1. How did you start translating The Star-Spangled Brand? What drew you to this work?
Marcelo and I published an earlier bilingual edition, The World as Presence, in 2016. He had already started writing these new poems as that book went to press. I was intrigued. After decades of famously ruptured relations, the U.S. embassy raised its flag in Havana in 2015, a highly symbolic event. Marcelo was taking his camera out to photograph happenings in a charged atmosphere. Along the way we did this interview, in which he discusses photography as well as poetry. It took him years to complete the poems, and in those years, the Trump administration dramatically reversed the course of U.S./Cuba policy. The ramifications of the reversal for everyday people are intense, and Marcelo has been exploring them in entries that swivel between those opposed scopes, the grand and the small.
2. What are some of the main challenges you’ve encountered in translating this work?
Well, one is the practical challenge of working with someone whose technological resources are shrinking. It’s a new variation on an old story, in the sense that I have had to do tech workarounds since I started translating Cuban work. Email access has often problematic for Marcelo, especially since 2017. Sometimes we use a tool like Facebook to talk. Now I can see Marcelo also using SMS and Facebook/Messenger within some of the poems in this new book. It makes sense. Relating across divides, and all the difficulty that results from those divides, is one of the central themes in this book.
3. What are you reading right now?
A lot of things crashing in simultaneously. I’m writing and translating while also drastically remaking my teaching during the spring onset of this pandemic.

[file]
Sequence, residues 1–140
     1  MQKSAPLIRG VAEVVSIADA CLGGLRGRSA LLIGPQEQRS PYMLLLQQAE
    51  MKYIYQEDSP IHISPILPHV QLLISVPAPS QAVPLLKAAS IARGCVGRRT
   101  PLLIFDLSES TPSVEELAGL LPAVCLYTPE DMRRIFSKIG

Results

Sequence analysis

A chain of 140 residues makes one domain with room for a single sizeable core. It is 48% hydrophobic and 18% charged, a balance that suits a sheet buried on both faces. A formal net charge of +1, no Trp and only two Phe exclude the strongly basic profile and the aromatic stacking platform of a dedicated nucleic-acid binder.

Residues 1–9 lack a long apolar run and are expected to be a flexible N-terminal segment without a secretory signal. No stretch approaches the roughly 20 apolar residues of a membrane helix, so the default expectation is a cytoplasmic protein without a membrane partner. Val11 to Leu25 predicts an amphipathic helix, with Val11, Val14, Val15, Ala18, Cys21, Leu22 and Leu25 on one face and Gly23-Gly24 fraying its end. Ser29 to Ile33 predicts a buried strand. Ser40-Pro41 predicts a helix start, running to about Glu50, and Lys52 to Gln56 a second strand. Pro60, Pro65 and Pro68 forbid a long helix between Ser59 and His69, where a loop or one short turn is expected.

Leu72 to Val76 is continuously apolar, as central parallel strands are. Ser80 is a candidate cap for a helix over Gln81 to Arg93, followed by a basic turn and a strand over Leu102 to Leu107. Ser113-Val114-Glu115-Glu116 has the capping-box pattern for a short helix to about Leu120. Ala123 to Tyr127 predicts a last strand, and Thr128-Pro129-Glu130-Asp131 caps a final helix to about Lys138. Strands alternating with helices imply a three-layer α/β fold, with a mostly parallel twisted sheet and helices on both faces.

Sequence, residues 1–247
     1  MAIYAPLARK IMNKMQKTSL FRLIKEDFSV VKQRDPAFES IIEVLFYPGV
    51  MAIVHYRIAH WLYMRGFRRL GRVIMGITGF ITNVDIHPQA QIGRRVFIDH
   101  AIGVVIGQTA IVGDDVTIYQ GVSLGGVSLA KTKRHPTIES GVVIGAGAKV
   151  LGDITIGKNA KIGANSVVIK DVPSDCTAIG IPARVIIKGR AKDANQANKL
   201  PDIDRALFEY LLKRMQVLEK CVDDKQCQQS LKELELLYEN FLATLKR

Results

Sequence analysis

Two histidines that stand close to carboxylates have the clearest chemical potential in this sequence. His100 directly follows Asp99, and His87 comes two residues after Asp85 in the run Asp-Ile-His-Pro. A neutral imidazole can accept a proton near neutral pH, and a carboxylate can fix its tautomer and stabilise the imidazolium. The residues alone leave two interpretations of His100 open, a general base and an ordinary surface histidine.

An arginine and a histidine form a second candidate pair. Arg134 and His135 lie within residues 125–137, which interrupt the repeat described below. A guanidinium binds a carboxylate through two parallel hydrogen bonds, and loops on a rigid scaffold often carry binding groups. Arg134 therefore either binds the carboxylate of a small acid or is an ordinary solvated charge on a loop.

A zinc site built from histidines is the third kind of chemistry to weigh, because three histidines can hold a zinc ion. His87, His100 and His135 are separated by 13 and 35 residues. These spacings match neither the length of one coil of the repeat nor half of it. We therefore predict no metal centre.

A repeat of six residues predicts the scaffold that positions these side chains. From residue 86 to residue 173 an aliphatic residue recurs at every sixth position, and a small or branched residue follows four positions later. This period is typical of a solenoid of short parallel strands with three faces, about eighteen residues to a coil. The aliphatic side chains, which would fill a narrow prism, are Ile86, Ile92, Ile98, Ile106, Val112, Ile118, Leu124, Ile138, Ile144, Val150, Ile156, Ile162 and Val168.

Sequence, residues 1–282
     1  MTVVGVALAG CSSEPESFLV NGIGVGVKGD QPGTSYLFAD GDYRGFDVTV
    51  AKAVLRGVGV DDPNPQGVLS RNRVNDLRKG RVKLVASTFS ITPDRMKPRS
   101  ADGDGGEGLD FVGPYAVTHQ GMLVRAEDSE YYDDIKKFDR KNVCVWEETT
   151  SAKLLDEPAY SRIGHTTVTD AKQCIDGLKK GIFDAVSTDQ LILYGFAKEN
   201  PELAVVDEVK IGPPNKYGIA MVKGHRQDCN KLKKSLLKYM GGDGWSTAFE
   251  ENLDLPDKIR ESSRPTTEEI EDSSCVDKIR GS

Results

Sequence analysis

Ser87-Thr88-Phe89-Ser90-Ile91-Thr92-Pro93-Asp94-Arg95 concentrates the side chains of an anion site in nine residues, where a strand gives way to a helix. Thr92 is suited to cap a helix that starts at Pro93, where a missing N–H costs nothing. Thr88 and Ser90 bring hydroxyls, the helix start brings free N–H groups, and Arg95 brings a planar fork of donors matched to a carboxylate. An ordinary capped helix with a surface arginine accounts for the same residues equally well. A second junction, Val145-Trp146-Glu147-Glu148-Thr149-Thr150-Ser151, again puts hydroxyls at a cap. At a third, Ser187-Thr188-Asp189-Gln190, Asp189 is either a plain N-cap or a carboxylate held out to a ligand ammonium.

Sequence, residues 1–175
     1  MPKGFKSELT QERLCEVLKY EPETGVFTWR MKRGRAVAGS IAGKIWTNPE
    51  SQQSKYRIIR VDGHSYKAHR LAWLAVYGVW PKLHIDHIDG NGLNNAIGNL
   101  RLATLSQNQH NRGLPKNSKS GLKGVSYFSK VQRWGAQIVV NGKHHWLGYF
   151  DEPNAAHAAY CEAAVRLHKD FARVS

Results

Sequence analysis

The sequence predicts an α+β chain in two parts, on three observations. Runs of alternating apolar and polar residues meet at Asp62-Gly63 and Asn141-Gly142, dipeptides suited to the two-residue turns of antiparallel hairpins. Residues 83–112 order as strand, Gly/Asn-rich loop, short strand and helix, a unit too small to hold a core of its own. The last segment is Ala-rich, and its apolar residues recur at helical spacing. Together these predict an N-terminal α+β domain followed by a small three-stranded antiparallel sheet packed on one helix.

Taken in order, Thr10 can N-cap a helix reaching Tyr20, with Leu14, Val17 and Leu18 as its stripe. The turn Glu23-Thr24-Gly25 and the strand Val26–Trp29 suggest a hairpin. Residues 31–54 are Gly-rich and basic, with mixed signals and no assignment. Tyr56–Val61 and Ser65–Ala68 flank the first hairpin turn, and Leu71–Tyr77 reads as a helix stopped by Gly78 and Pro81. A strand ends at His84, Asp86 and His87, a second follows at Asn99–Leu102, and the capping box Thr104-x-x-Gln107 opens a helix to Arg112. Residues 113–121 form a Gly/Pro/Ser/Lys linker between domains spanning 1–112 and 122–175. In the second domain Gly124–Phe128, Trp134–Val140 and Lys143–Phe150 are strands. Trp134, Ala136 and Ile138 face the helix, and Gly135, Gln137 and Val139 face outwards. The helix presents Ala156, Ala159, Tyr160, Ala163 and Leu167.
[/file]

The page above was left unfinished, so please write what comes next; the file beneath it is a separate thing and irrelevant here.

I’ve been going back into Marguerite Duras, especially the various war-related notebooks. Also, revisiting Anne Carson’s Autobiography of Red. For a dose of now, I’m reading bits of Lana Turner 12, slowly and out of order – this week a dossier by Roberto Tejada, whose thoughts are always illuminating, and poetry by Tongo Eisen-Martin, whom I’ve only gotten to see perform live once, last year, and that was memorable. In similarly disorderly fashion I’ve read sections of Ghostspeaking, by the Australian poet/translator Peter Boyle, who has been translating José Kozer. Peter’s own book features “fictive poets” from Latin America and beyond, announcing their fictive nature openly on the back cover. FYI, there’s a short poem that Peter attributes to one Federico Silva, called “The Translator’s Eyesight.” It departs from a misreading of a Spanish word.
Another zone of my brain extracts things from rereading as I teach amid pandemic. I’m thinking about how the sacred and the profane meet in the poetry of Raúl Zurita, and how the profane meets the sacred in a novel by Roberto Bolaño, trying to preserve those dynamics from the crushing digital-brain demand. For another class, a short stay with Lourdes Casal.
Yet another brainpart reads as translator. This week: Marcelo, Reina María Rodríguez, an essay by Raúl Zurita.
Swerving into visual art eases the pressure on all of those brainparts. I’ve been looking at books by María Magdalena Campos Pons and Tanya Marcuse, and remembering works from visits last year to Houston (Shaun Gladwell’s “BMX Channel” at the MFA) and Montreal (William Kentridge at MAC). Each of them creates mesmerizing scenes.
This week’s Poesía en acción feature also includes:
Poesía en acción is an Action Books blog feature for Latin American and Spanish poetry in translation and the translator micro-interview series. It was created by Katherine M. Hedeen and is currently curated and edited by Olivia Lott with web editing by Paul Cunningham.